From Publishers Weekly
Watson and Thelander, creators of MediterrAsian.com, combine the sensible, down-to-earth principles of the Mediterranean diet with those of south and east Asia to create a blend that is about lifestyle as much as cuisine. Their concept is appealing, but the book is more wishful than convincing in delivery. It begins by "unlocking the secrets" of the two diets, examining both regions' nutritional pyramids and citing much research to bolster claims for their superiority, but many subsequent parts emphasize exercise, of both mind and body, with overly obvious suggestions like "dance to the beat" and "go for a scenic walk" for burning calories and "get a pet" and "visit the library" for combating stress. An outline of two weeks on the diet demonstrates Watson and Thelander's "MediterrAsian" balanced meals, heavy on grains and vegetables and sparing with meat and fats. This philosophy lends itself to one-dish meals, which many of the recipes are, from Lemony Tuna, Olive and Vegetable Pasta to Fragrant Chicken Curry. Unfortunately, few rise above their appearance of being stylistic approximations of such dishes as Grilled "Tuscan" Chicken or the inevitable "Greek" salad; the fused cuisine feels both more familiar and homogenous and less lively and life-changing in the way a new diet must be to achieve great results. B&w and color photos not seen by PW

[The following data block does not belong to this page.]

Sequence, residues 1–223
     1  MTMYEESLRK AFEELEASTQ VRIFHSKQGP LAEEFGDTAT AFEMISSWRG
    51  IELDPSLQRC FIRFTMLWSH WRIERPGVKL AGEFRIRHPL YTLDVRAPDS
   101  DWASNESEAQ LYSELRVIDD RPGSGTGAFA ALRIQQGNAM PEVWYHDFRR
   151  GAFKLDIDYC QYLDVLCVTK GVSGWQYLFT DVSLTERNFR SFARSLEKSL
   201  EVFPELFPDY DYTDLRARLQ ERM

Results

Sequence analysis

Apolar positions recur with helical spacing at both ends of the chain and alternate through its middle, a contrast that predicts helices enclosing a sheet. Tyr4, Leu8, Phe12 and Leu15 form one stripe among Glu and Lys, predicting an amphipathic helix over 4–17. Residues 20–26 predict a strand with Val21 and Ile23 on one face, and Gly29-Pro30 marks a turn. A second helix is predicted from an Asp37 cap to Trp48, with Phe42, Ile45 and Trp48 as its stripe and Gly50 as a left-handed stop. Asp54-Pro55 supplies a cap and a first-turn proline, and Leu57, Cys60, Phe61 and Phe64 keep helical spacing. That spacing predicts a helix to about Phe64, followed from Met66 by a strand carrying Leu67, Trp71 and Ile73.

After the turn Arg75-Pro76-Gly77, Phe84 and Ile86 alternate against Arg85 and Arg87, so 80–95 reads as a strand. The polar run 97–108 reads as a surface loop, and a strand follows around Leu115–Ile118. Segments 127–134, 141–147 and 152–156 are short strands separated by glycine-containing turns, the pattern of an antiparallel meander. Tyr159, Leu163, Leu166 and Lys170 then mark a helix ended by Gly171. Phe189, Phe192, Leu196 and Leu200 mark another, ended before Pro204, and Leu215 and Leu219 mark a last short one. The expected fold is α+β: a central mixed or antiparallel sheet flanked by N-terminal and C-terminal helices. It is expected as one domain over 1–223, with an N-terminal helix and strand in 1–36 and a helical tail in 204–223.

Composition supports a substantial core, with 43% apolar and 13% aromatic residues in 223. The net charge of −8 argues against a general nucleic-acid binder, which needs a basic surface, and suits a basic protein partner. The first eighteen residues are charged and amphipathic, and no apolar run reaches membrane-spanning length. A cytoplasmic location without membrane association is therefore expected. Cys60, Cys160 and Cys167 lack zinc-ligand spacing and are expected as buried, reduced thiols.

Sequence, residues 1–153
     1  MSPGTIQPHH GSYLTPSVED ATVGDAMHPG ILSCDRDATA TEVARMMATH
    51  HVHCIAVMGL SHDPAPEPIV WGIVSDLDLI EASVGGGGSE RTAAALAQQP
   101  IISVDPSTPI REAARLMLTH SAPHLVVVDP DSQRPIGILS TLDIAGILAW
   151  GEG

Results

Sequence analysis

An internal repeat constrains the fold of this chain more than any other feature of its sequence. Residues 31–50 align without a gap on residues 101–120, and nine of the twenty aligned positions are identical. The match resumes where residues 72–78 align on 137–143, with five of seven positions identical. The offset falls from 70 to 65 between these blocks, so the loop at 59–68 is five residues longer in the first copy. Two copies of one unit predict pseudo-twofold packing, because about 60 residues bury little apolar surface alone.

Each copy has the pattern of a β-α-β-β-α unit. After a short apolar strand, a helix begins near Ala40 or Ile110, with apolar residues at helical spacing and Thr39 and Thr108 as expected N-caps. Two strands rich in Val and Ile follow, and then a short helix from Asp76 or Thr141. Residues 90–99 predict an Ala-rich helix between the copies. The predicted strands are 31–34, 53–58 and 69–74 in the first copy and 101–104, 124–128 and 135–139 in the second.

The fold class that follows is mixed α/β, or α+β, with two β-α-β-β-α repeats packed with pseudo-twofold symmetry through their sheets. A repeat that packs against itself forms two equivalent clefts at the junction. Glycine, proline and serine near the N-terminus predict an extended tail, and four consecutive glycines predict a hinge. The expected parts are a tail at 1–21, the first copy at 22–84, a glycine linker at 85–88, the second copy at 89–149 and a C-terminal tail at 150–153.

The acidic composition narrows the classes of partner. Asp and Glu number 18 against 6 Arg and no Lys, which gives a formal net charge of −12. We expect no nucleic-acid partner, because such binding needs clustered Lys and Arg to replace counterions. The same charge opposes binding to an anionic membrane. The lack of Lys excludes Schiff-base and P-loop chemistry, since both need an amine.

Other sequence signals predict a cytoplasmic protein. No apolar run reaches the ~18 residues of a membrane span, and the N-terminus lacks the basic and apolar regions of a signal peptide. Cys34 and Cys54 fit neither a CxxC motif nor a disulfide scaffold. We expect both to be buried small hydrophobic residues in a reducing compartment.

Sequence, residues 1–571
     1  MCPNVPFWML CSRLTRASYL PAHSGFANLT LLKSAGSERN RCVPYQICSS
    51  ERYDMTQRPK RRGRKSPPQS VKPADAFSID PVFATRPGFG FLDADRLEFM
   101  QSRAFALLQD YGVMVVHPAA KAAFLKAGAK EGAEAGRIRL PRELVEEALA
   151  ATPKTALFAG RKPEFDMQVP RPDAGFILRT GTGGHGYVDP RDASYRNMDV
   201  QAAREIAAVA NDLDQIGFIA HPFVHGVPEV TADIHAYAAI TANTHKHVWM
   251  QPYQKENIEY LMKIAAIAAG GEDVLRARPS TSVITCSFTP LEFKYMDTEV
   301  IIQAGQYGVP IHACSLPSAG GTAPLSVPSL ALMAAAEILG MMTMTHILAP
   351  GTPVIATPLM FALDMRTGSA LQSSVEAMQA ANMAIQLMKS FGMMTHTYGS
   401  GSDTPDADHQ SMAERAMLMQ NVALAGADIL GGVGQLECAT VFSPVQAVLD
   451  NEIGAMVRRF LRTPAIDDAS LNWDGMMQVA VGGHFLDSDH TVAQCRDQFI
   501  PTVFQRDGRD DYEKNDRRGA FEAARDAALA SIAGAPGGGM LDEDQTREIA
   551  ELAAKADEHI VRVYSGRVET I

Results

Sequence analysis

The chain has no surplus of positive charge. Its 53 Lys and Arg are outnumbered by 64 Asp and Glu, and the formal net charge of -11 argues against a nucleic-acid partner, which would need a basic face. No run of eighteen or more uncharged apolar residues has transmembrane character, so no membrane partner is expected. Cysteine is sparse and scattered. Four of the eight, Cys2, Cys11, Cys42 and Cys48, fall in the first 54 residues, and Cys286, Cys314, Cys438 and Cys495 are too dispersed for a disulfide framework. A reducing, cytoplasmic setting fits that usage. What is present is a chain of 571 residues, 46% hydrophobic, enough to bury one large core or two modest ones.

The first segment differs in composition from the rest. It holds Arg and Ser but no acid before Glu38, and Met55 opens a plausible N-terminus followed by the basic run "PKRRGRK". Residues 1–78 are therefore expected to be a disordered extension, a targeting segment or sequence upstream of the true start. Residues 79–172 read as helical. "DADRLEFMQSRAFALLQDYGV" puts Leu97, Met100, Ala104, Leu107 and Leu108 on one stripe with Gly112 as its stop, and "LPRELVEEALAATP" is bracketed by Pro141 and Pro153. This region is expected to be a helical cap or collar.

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Much of this book is taken from the web site MediterrAsian.com, which Watson and Thelander created in 2004. Watson chronicles living through a horrific motorcycle accident that nearly killed him as a teenager in the 1980s; his recovery was spent living with an uncle and aunt in Britain who ate meals of pasta, beans, vegetables, rice, eggs, nuts, olive oil, and fruits. He then went to Australia, where he met Thelander, and together they started cooking and eating a diet of Mediterranean and Asian food. Their philosophy is not earth-shattering-eat wholesome food, be physically active, and make time for relaxation. Approximately half of the text is devoted to a discussion of this lifestyle, including suggestions for exercise and relaxation and sample menus. It appears that the authors are self-taught, but the book is sprinkled with results of scholarly studies, some of which are included in a bibliography. The rest of the work contains 150 recipes for pasta, stir-fries, pizza, soups, desserts, etc., which are simple and easy to prepare, with tomatoes, garlic, peppers, fish, chicken, and beans as the main ingredients. Recommended for libraries with patrons who are interested in a lifestyle not just a diet. --Christine Bulson, SUNY at Oneonta Lib. -- Library Journal, May 15, 2007